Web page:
Sunday, May 17, 2015

Dietitians' Recommendations: Progress, but Cognitive Dissonance

The Academy of Nutrition and Dietetics has officially acknowledged well-founded scientific findings(1).  Specifically,

  • Saturated fat is fine.
  • Cholesterol is fine.
  • Red meat has important nutrients, such as protein and iron. They call red meat an "important source of shortfall nutrients, such as iron." They add, "The Academy did not interpret that recommendation as impugning the healthfulness of red meat or its place in recommended meal patterns as a protein..."

Hooray! The fifty pounds of angus beef in my freezer has their blessing! They even called it healthful!

But wait--don't eat too much of it: " meat consumption [at an average of 20 ounces per week] exceeds [our] recommendations for most subgroups and...a greater share of recommended protein consumption should be met by seafood, legumes and nuts."

Let's break this down: red meat is entirely, or almost entirely, fat and protein. If protein is good, and saturated and monounsaturated fat (the two main types of fat in beef, for instance) are good, where's the problem? They don't say, so let's take a look at a few nutrients in some common types of red meat, fish, legumes and nuts.

protein (g)carbs (g)iron (%DV)calories
ground beef, 75% lean, pan fried26015277
pinto beans (cooked)93115162
*per 100-gram serving

The beef, almonds and salmon score well for protein, but pinto beans are over three-quarters carbohydrate, which (except fiber) breaks down into sugar in the body. It's hard to see how such a starchy food that's low in protein (it's only 20% protein) is considered a good protein source. Almonds are three-quarters fat and only 13% protein--hence the high calorie level. Salmon is three-quarters protein and the 75% lean ground beef is 41% protein.

If you replace 200 grams of red meat (7 ounces, or 2 medium-sized burgers) with 100 grams of almonds and 100 grams of pinto beans, you'll get 21 fewer grams of protein, 50 more grams of carbohydrate, and 205 more calories.

Since the Academy mentioned iron as a shortfall nutrient, let's look at iron levels in these foods. Everything except salmon has a good deal of iron in it, but the trouble with nuts and beans is that they contain phytate, which inhibits your absorption of various minerals including iron. In other words, much of that wonderful iron from nuts and beans will go down the toilet undigested. Iron absorption from various beans is around 1% to 2%; same for nuts. If you replace a couple of hamburgers with an equal weight of beans and nuts or even salmon, you'll be reducing significantly reducing your iron intake.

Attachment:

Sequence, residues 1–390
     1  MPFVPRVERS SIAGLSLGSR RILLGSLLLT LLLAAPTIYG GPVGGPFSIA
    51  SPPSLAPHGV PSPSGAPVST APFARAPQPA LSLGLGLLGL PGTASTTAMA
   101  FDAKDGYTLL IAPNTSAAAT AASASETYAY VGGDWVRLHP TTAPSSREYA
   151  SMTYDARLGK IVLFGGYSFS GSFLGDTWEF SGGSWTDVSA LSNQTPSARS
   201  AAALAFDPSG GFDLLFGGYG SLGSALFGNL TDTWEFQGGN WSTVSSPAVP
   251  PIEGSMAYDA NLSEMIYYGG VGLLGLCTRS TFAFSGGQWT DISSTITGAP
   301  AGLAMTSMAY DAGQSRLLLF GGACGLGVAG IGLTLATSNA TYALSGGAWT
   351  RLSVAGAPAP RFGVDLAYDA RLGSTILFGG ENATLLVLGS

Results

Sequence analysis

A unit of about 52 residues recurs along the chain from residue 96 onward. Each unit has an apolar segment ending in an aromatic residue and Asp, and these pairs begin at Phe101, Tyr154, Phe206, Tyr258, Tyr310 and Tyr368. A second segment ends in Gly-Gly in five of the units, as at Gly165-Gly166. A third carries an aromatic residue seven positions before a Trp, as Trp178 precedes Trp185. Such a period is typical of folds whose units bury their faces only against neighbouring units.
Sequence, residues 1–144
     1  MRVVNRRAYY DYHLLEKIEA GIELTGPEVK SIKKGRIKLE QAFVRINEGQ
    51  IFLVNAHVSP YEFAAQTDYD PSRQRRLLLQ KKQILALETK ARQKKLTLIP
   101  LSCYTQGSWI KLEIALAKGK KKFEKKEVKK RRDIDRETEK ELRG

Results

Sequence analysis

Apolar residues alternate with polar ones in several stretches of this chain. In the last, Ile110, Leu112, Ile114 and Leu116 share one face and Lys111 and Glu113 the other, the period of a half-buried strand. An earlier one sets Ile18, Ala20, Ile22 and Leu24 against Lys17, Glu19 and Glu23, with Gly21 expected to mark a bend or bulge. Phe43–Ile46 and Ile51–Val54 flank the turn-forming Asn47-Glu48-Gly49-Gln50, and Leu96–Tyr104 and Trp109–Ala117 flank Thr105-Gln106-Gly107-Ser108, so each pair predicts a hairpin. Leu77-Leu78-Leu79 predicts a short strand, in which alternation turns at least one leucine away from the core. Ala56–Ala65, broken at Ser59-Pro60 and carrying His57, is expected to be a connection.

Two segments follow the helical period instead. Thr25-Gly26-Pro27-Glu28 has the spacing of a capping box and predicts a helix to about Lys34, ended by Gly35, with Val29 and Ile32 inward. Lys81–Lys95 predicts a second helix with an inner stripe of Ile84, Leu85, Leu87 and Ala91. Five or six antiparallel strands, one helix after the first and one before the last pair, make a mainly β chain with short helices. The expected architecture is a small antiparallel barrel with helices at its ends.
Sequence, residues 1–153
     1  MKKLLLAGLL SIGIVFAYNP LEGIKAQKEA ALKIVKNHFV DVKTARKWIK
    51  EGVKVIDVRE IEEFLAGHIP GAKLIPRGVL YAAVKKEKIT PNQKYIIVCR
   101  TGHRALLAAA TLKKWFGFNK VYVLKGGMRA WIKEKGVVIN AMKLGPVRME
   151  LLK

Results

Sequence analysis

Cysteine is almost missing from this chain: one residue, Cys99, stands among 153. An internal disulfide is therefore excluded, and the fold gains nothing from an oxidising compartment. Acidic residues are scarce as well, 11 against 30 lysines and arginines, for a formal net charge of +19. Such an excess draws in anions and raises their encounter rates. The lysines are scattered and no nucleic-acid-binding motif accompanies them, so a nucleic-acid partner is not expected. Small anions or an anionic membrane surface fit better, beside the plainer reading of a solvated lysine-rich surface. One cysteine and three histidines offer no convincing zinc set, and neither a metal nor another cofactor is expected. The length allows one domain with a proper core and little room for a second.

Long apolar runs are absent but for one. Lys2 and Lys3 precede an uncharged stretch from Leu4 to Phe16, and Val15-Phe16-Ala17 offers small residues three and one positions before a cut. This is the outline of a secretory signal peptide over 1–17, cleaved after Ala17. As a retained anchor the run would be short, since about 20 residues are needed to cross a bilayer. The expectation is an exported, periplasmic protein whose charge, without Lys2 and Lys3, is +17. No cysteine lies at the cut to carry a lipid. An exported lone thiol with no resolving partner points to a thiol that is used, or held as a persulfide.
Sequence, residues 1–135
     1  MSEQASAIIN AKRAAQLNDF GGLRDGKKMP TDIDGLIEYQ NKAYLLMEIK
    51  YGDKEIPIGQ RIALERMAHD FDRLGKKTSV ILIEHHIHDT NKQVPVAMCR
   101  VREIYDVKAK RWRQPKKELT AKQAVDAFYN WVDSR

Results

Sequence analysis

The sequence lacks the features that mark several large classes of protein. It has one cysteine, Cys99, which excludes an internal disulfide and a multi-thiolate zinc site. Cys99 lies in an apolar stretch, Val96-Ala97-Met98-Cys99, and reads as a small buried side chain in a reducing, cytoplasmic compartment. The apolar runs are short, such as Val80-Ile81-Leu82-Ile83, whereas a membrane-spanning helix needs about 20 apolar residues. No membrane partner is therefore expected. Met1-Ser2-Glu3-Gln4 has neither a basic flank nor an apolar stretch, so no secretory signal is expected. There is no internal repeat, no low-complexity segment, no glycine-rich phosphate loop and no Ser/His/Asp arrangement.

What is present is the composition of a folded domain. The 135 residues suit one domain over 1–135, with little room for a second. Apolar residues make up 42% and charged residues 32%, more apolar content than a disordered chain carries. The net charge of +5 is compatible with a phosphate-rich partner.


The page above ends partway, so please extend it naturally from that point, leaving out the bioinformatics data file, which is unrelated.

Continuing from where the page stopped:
It's time official agencies acknowledged that red meat is healthy. Meantime, it means more burgers for me.

Source: (1) "Academy Comments re: the DGAC Scientific Report,"  Pepin Andrew Tuma, May 8, 2015


Larcana said...

Iron has to be in meat form to be well least for most people. When i was a fat Vegan I was anemic. I ate all the iron containing foods allowed. I gave that up and ate red meat and within a month my anemia went away. I know it's just my response but it happened to my sister, too. My Mom eats no meat and is anemic. She refuses to eat meat to fix the problem and likely will go the same path as my Dad...dying with heart failure. Sadly.

Lori Miller said...

After reading your comment from the last post, I started to double down on my iron supplement, and felt a lot better--my heart felt like it was working normally. Had a grass-fed burger and felt wonderful, too.

Sorry to hear about your parents. Maybe vegetarianism is one reason heart disease is so common in India.

Lowcarb team member said...

I may not win 100% of fans here, and how anyone chooses to eat is a personal choice, but I do think meat should be included within our menu plans along with fish too.

Vegetables form an important part of my menu plans too as does dairy.

To me the most important thing that needs to be greatly reduced in our diets/ menu's are the processed foods.

We still have a way to go with the recommendations ...

All the best Jan

Lori Miller said...

I totally agree, Jan--meat, vegetables and fish all have important nutrients.

Anonymous said...

Great post. The recommendation of these poor, not to mention high-carb,non-animal sources of protein is bewildering. Eating animals is what's gotten us here as a species. Yo.

Still, thankful for small steps in the right direction. I suspect reversing the 1980 Guidelines that started it all will be like turning around a cruise ship in a harbor - many many many tiny turns.

Lori Miller said...

If they don't turn the ship around, it will run into an iceburg called type 2 diabetes expenses.